|dc.description.abstract||Early School Leaving (ESL) represents a massive loss of potential to individuals who leave school and can have a much wider social and economic cost. This study examines Early School Leaving (ESL) and resilience among young people aged 15 – 20 in the Republic of Ireland. The research explores negative internalised stereotypes and how they affect Early School Leavers (ESLs). Three Positive Youth Development (PYD) programmes were used to challenge these stereotypes.
Youth Participatory Action Research was used as a methodology to identify the problems faced by ESLs and to take action on the issues identified. 19 participants were recruited from a Youthreach centre and they participated in three PYD Programmes including; Research Action Project (RAP), GAISCE, and Canoeing Skills. Qualitative data were collected through notes taken on informal conversations with participants, and the reflections of the participants. Quantitative data were collected through the Child and Youth Resilience Measure before and after their participation in the programmes. A regional survey of forty Youthreach centres was used to identify issues relating to ESL.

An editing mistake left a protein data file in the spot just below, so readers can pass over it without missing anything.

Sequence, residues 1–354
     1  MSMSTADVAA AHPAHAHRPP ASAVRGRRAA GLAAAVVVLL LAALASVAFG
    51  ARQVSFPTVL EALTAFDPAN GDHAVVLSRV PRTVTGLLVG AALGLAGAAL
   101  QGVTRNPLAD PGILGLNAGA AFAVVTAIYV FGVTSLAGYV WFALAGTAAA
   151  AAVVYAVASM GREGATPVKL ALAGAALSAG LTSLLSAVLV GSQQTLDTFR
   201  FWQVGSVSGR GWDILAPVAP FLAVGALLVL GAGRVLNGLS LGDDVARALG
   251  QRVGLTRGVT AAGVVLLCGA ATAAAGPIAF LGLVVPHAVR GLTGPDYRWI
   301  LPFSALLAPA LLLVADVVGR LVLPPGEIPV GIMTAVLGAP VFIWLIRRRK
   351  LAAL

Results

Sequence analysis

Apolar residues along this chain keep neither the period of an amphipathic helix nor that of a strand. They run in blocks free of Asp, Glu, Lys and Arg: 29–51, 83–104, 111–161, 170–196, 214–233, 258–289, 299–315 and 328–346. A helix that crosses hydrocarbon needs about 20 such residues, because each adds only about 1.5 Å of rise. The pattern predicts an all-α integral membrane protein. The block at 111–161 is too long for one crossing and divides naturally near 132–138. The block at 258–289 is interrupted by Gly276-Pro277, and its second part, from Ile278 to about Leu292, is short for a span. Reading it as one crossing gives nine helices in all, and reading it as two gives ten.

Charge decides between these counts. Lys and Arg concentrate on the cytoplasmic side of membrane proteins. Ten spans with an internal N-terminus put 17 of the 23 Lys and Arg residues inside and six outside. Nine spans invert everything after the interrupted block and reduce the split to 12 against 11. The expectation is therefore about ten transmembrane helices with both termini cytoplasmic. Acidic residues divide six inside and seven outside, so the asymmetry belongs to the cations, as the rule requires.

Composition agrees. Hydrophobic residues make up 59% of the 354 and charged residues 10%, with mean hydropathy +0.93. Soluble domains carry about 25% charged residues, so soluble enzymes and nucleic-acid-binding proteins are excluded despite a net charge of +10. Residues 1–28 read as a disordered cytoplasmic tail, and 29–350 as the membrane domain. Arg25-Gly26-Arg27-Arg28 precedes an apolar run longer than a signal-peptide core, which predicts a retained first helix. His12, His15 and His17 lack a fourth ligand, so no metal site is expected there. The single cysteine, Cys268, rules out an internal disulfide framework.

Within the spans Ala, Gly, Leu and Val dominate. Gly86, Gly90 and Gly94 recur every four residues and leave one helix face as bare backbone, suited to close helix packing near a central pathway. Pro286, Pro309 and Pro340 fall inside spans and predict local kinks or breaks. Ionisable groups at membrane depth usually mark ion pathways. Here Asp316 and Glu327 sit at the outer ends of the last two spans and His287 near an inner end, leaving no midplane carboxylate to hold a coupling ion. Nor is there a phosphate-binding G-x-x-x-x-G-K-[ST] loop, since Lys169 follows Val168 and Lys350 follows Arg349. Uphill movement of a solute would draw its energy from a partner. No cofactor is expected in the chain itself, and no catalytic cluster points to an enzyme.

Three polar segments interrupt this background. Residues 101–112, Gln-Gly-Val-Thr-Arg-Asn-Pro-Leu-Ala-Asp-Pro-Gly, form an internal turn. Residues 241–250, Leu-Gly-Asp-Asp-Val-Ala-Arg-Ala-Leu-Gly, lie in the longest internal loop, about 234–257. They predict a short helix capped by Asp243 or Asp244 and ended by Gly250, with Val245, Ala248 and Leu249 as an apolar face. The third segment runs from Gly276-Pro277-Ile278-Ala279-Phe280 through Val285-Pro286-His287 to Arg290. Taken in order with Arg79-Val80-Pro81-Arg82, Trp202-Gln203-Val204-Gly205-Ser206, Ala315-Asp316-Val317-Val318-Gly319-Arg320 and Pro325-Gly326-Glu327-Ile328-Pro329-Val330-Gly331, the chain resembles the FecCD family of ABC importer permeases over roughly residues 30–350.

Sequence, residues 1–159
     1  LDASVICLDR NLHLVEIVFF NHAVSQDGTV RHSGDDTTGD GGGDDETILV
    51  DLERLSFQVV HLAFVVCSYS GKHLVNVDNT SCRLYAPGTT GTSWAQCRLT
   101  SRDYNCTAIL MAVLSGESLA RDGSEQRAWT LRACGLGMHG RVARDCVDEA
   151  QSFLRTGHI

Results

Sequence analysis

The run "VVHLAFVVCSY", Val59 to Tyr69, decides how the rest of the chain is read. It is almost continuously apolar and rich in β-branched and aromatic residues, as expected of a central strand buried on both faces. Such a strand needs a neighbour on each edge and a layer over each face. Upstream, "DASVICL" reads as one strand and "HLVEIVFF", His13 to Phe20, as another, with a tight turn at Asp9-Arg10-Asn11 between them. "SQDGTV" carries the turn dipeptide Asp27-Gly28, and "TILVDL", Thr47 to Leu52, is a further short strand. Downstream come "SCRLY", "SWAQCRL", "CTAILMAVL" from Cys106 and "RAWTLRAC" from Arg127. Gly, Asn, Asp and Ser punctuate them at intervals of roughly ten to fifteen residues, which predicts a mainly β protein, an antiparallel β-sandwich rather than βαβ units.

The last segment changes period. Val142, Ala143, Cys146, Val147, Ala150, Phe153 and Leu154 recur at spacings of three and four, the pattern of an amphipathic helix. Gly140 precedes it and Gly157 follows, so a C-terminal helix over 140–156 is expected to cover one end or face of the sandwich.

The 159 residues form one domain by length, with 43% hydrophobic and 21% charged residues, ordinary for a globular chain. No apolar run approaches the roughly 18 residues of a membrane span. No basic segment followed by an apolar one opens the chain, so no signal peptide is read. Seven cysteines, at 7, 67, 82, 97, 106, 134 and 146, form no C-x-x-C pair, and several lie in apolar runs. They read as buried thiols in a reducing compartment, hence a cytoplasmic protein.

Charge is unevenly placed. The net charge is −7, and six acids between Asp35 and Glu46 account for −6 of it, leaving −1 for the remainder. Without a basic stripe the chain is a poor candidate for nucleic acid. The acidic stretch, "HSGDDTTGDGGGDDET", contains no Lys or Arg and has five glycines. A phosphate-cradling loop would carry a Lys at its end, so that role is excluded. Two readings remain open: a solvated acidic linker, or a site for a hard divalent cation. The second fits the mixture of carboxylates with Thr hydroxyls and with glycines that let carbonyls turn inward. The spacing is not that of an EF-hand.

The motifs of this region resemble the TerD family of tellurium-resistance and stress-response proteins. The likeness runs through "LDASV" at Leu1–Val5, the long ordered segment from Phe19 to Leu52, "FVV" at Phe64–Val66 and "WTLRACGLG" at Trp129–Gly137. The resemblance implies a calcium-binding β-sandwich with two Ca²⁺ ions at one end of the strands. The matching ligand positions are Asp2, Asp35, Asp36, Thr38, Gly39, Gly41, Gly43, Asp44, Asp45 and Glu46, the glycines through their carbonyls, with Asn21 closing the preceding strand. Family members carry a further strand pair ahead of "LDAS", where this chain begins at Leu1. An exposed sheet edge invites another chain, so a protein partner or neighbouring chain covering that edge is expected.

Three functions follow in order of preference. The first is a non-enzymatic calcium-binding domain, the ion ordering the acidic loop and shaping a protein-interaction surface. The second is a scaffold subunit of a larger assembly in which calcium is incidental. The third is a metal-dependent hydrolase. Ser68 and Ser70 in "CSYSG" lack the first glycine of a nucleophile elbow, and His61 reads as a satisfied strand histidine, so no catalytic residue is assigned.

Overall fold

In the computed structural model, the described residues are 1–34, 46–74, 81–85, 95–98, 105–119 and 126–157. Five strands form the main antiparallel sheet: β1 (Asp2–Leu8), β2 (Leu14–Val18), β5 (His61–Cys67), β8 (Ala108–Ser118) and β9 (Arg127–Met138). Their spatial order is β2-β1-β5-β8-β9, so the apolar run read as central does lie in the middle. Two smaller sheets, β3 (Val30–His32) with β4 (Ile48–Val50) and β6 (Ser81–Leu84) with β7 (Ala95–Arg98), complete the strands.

A cycle of discrimination, depression and drug use were important issues affecting the lives of ESLs. Mentorship was determined to be important in combating internalised stereotypes. The evidence suggests that PYD programmes can increase resilience in ESLs.
Keywords: Early School Leaving, Resilience, Positive Youth Development, Youthreach.||en_US